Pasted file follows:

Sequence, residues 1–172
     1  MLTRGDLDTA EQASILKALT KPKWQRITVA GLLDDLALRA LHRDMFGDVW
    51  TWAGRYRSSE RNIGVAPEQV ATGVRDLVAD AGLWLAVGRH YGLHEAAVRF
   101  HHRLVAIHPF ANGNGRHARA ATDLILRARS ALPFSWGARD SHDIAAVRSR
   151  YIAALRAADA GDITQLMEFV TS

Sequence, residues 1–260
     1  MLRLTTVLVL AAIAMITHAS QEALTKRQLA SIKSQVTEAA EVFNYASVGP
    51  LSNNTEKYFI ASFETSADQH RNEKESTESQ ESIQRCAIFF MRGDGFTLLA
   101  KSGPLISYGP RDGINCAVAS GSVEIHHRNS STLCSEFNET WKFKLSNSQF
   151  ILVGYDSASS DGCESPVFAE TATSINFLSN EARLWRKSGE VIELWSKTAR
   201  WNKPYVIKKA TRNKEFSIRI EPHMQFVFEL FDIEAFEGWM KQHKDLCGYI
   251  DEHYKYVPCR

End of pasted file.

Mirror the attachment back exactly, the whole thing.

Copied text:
Sequence, residues 1–172
     1  MLTRGDLDTA EQASILKALT KPKWQRITVA GLLDDLALRA LHRDMFGDVW
    51  TWAGRYRSSE RNIGVAPEQV ATGVRDLVAD AGLWLAVGRH YGLHEAAVRF
   101  HHRLVAIHPF ANGNGRHARA ATDLILRARS ALPFSWGARD SHDIAAVRSR
   151  YIAALRAADA GDITQLMEFV TS

Sequence, residues 1–260
     1  MLRLTTVLVL AAIAMITHAS QEALTKRQLA SIKSQVTEAA EVFNYASVGP
    51  LSNNTEKYFI ASFETSADQH RNEKESTESQ ESIQRCAIFF MRGDGFTLLA
   101  KSGPLISYGP RDGINCAVAS GSVEIHHRNS STLCSEFNET WKFKLSNSQF
   151  ILVGYDSASS DGCESPVFAE TATSINFLSN EARLWRKSGE VIELWSKTAR
   201  WNKPYVIKKA TRNKEFSIRI EPHMQFVFEL FDIEAFEGWM KQHKDLCGYI
   251  DEHYKYVPCR